Digital, low code, and elephants

Ritesh Varma, Global Head - Business Solutions, Newgen Software

With Delta still prevailing, and Omicron in the midst, we welcomed the year 2022 with a new Covid variant, Florona. They say these variants are less fatal and on the verge of making Covid a common virus. Or is it so?

While many countries are opening up and many others plan to remove restrictions, economies are still hampered with the slightest hint of an increase in new cases with the new variant. Businesses have quickly realised that they have to live with it, and the only way to survive the unexpected is to become increasingly digital.

Achieving Digital, The Low Code Way

Digital, in today’s terms, has become superfluous; it changes by the day, and so do business realities. The only way to keep pace with the rampant change is by approaching digital the low code way. Today, it seems that every software company calls itself a low code provider. But the difference is in the way the whole solution is architected.

“The only way to eat an elephant is to cut it into bite-size pieces,” were the words once shared by a wise guru, an industry stalwart, an individual who digitally transformed a bank using the power of low code.

It takes both technology and business experts to lay out an organisation’s artificial intelligence and machine learning roadmap.

Allow me to clarify; it is not that one is interested in eating an elephant or cutting it into bite-size pieces. Here, the elephant represents the business problem at hand, and the bite-size pieces represent how it needs to be broken down into manageable pieces. Low code is the ideology, and just like the business problem, low code itself has to be flipped on its head.

Let me try and explain this a bit more.

Time For The Perfect Symphony 

We all view low code as a tool or an all-encompassing application that would have answers to all our questions. It should, however, be looked at as an orchestrator of components. The components here represent services that have their APIs and data sets. There can be various types of services – internal or external. Internal would mean something that the tool presents, and external would mean something that the environment and ecosystem provide.

Rolling out artificial intelligence involves procuring and setting up the various hardware, software, and human resources required for the artificial intelligence and machine learning projects.

Internal services could be interfaces, rulesets, masters, etc. Each of these services has its API and data sets and is independent of each other with minimum dependencies. On the other hand, external services would be like the core banking, ERP, core insurance, loan management system, or even simpler systems such as MS Word. Again, these would have their APIs and data sets. These services would do their part at the relevant stages of the application and processes as demanded.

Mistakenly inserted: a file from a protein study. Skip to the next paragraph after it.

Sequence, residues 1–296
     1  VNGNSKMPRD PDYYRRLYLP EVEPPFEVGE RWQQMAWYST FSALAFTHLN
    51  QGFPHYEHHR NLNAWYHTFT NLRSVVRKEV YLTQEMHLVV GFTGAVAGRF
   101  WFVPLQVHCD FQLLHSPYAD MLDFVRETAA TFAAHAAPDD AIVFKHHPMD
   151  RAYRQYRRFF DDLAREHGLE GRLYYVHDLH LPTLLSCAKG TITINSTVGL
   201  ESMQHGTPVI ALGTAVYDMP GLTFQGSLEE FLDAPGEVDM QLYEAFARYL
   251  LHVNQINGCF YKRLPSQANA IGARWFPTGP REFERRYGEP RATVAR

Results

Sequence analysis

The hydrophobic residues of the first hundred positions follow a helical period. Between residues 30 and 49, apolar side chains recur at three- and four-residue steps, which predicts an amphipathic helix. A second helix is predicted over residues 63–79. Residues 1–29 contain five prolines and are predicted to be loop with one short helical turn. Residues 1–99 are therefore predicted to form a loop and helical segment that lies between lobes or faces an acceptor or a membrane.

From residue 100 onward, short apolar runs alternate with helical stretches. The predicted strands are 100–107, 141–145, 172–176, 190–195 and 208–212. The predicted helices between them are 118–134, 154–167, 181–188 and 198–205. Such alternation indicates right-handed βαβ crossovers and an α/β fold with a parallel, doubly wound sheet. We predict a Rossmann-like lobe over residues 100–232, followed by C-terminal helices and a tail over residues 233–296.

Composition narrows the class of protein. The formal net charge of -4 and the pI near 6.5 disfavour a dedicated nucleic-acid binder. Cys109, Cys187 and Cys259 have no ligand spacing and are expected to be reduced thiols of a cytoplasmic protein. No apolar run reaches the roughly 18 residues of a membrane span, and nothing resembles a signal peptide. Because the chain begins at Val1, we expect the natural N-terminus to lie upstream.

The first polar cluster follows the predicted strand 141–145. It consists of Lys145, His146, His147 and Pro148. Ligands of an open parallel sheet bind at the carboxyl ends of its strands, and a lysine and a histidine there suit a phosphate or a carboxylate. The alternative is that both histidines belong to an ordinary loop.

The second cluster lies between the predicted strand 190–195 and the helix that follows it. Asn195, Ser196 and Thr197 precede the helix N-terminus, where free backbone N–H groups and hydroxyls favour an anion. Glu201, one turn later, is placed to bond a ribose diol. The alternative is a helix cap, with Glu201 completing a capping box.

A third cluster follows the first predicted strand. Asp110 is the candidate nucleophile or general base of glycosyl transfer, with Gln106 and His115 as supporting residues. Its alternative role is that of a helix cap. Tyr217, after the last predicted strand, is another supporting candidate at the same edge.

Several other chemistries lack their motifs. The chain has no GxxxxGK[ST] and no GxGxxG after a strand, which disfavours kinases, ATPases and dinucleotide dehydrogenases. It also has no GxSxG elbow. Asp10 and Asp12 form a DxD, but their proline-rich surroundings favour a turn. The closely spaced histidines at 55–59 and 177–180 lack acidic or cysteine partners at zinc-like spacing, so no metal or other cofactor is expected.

The process or application has to be looked at as an amalgamation of these services into relevant stages by a concept referred to as an ‘orchestrator.’ Depending on the organisation and its current state, the internal services may be heavy, or the external services may be heavy. However, these are just orchestrated to provide the end state. For instance, if we take the example of banking and lending, the lending application stages remain the same.

Building artificial intelligence and machine learning take time. The data science team needs to understand the requirements clearly, collaborate with the business experts.

Depending on a bank or a financial institution, how and what components are called for can vary, making each application different. An organisation with a portal may not require investing in a portal service, but another may need to subscribe to an internal portal service. Similarly, a financial institution that invested in credit scoring and underwriting may plug in its external credit service compared to another that subscribes to an internal credit service.

A real-time data modelling capability is crucial to any artificial intelligence and machine learning system. Users should quickly adapt to the changing data definition and volumes.

The end objective is to understand how an organisation componentalises or servicifies the entire application and orchestrates them together to deliver the perfect made-to-order, custom-fit app. That, in turn, helps the organisation transform and get that leverage to address the ever-changing business environment.

Ritesh Varma, Global Head - Business Solutions, Newgen Software
Ritesh Varma, Global Head – Business Solutions, Newgen Software.